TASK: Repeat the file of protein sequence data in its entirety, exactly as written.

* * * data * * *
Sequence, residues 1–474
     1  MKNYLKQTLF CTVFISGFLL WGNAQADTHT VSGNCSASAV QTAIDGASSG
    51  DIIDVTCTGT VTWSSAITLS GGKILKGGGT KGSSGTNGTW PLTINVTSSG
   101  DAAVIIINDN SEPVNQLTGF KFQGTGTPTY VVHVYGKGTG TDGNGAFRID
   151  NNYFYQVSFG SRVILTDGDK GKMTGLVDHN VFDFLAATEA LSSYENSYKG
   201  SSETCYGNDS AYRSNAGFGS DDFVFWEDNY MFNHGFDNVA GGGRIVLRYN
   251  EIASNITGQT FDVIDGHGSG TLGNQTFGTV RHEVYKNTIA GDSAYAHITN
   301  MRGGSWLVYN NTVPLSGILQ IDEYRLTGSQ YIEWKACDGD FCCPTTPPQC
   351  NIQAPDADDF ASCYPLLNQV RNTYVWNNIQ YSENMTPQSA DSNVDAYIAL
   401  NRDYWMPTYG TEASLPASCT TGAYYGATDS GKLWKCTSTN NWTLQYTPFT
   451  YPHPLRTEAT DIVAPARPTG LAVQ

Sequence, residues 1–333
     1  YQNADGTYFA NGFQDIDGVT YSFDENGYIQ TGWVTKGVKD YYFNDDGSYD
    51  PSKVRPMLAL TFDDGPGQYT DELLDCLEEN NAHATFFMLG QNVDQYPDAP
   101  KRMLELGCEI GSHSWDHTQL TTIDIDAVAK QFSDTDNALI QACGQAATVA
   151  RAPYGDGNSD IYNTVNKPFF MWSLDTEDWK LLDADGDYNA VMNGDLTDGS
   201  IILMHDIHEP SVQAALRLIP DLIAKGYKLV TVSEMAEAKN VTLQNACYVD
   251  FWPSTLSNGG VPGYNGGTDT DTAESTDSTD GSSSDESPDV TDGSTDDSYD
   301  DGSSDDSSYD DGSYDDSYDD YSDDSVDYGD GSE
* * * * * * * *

Sequence, residues 1–474
     1  MKNYLKQTLF CTVFISGFLL WGNAQADTHT VSGNCSASAV QTAIDGASSG
    51  DIIDVTCTGT VTWSSAITLS GGKILKGGGT KGSSGTNGTW PLTINVTSSG
   101  DAAVIIINDN SEPVNQLTGF KFQGTGTPTY VVHVYGKGTG TDGNGAFRID
   151  NNYFYQVSFG SRVILTDGDK GKMTGLVDHN VFDFLAATEA LSSYENSYKG
   201  SSETCYGNDS AYRSNAGFGS DDFVFWEDNY MFNHGFDNVA GGGRIVLRYN
   251  EIASNITGQT FDVIDGHGSG TLGNQTFGTV RHEVYKNTIA GDSAYAHITN
   301  MRGGSWLVYN NTVPLSGILQ IDEYRLTGSQ YIEWKACDGD FCCPTTPPQC
   351  NIQAPDADDF ASCYPLLNQV RNTYVWNNIQ YSENMTPQSA DSNVDAYIAL
   401  NRDYWMPTYG TEASLPASCT TGAYYGATDS GKLWKCTSTN NWTLQYTPFT
   451  YPHPLRTEAT DIVAPARPTG LAVQ

Sequence, residues 1–333
     1  YQNADGTYFA NGFQDIDGVT YSFDENGYIQ TGWVTKGVKD YYFNDDGSYD
    51  PSKVRPMLAL TFDDGPGQYT DELLDCLEEN NAHATFFMLG QNVDQYPDAP
   101  KRMLELGCEI GSHSWDHTQL TTIDIDAVAK QFSDTDNALI QACGQAATVA
   151  RAPYGDGNSD IYNTVNKPFF MWSLDTEDWK LLDADGDYNA VMNGDLTDGS
   201  IILMHDIHEP SVQAALRLIP DLIAKGYKLV TVSEMAEAKN VTLQNACYVD
   251  FWPSTLSNGG VPGYNGGTDT DTAESTDSTD GSSSDESPDV TDGSTDDSYD
   301  DGSSDDSSYD DGSYDDSYDD YSDDSVDYGD GSE